She wore Birkenstock Gizeh sandals. She carried a Kahr K-9 series 9 mm semi-auto in her shoulder bag. She killed seven miscreants in cold blood and took out another one with a tire iron in the space of about three months – all in a city where she once wandered aimlessly, narrating into a tape recorder about walking the “safest city in the world.” She never even pulled the trigger with a proper squeeze or placement. She always shoved her finger through to the second joint, and sometimes she even closed her eyes when she pulled the trigger! And yet, the gun worked for her at close range.
My husband and I are at least two years behind in movie watching. In this case, make it three. We sat and watched Jodie Foster, called Erica Bane, in “The Brave One” the other night. We didn’t think we’d like it, and that it would exemplify Hollywood’s attempt at portraying the gun as a big bad entity unto itself that jumps into action when you least expect it to and before you know it, someone is dead.
If you haven’t seen the movie, check it out. Not only does it work on the notion that a firearm empowers a woman, it also explores the attitude necessary to defend yourself to the death – either yours or someone else’s.
It explores a lot of other much deeper problems associated with violent crime – such as a victim’s desire to become someone else after suffering a horrific trauma. I work with a girls’ program at the local Boys and Girls Town Missouri, called Changing Prisms, and that is one of the major residues from being violated. Many of the girls just do not like who they are, and some of them are young teenagers. And, it’s not their faults. Usually, it’s some male member of the family’s fault and a mom who didn’t protect them.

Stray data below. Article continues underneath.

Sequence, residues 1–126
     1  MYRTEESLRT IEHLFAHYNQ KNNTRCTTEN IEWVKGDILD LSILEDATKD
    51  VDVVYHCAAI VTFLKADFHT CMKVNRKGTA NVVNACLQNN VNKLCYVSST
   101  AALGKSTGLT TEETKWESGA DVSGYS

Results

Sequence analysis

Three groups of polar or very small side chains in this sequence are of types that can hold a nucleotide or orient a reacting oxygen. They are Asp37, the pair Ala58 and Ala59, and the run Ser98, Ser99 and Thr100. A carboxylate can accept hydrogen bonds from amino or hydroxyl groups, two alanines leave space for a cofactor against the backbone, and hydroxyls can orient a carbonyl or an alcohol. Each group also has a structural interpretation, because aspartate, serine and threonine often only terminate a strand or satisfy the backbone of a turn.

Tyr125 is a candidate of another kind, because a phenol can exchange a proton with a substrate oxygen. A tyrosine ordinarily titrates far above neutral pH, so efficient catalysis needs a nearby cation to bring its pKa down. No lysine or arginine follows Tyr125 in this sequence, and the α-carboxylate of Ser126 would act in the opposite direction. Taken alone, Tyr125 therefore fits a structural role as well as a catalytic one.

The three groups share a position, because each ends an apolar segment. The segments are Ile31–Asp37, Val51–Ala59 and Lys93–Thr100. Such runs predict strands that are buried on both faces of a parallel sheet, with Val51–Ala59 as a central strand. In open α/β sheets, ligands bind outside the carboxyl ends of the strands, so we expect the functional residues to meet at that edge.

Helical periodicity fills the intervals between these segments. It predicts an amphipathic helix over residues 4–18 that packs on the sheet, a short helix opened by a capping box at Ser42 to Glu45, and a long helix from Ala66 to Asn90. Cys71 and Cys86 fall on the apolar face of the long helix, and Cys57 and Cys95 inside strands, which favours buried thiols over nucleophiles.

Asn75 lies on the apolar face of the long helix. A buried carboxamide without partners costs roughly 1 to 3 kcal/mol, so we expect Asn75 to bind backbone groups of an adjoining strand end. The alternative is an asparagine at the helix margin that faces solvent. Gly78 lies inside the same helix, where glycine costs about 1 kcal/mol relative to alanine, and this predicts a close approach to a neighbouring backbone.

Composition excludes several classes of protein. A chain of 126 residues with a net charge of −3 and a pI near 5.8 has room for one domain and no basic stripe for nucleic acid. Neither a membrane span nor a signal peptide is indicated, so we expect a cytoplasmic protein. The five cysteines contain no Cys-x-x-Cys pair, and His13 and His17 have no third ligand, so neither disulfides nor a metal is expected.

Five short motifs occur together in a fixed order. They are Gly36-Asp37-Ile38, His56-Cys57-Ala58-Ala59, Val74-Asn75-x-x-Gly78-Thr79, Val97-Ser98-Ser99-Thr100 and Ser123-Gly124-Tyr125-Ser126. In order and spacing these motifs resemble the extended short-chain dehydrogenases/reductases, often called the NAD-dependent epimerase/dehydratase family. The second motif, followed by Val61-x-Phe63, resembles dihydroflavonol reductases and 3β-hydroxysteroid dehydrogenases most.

So, they become someone else.
One of the coolest metaphors in this movie, really poignant, happened when Erica Bane (Jodie Foster) returned to the tunnel, aka the crime scene where her boyfriend lost his life when they were brutally attacked, and her dog found her. The gang bangers that perpetrated the crime – the three thugs she had just murdered earlier – had kidnapped her dog. (That’s another thing … throughout the movie I kept asking, “Where’s the dog?”)
Of course I realize that New York City has stringent gun control laws and unless you’re a politician, CEO of a major corporation or Rosie O’Donnell, you cannot 1) employ 2) acquire or 3) buy personal protection in the form of a firearm. Of course I realize that Erica Bane committed murder and I am not saying that was cool.
The approach though, and the raw need for revenge and the struggle of a good person to stop violence by those who are not good, that made this movie get 9 out of 10 cool stars on my rating system.
Oh, and the Birkenstock choice? I own that style in Black, just like Jodie wore in the movie, along with four other colors in the same model and highly recommend. I won’t be shooting in them at the range, though. They still get a 10 out of 10 for cool. ~Barbara Baird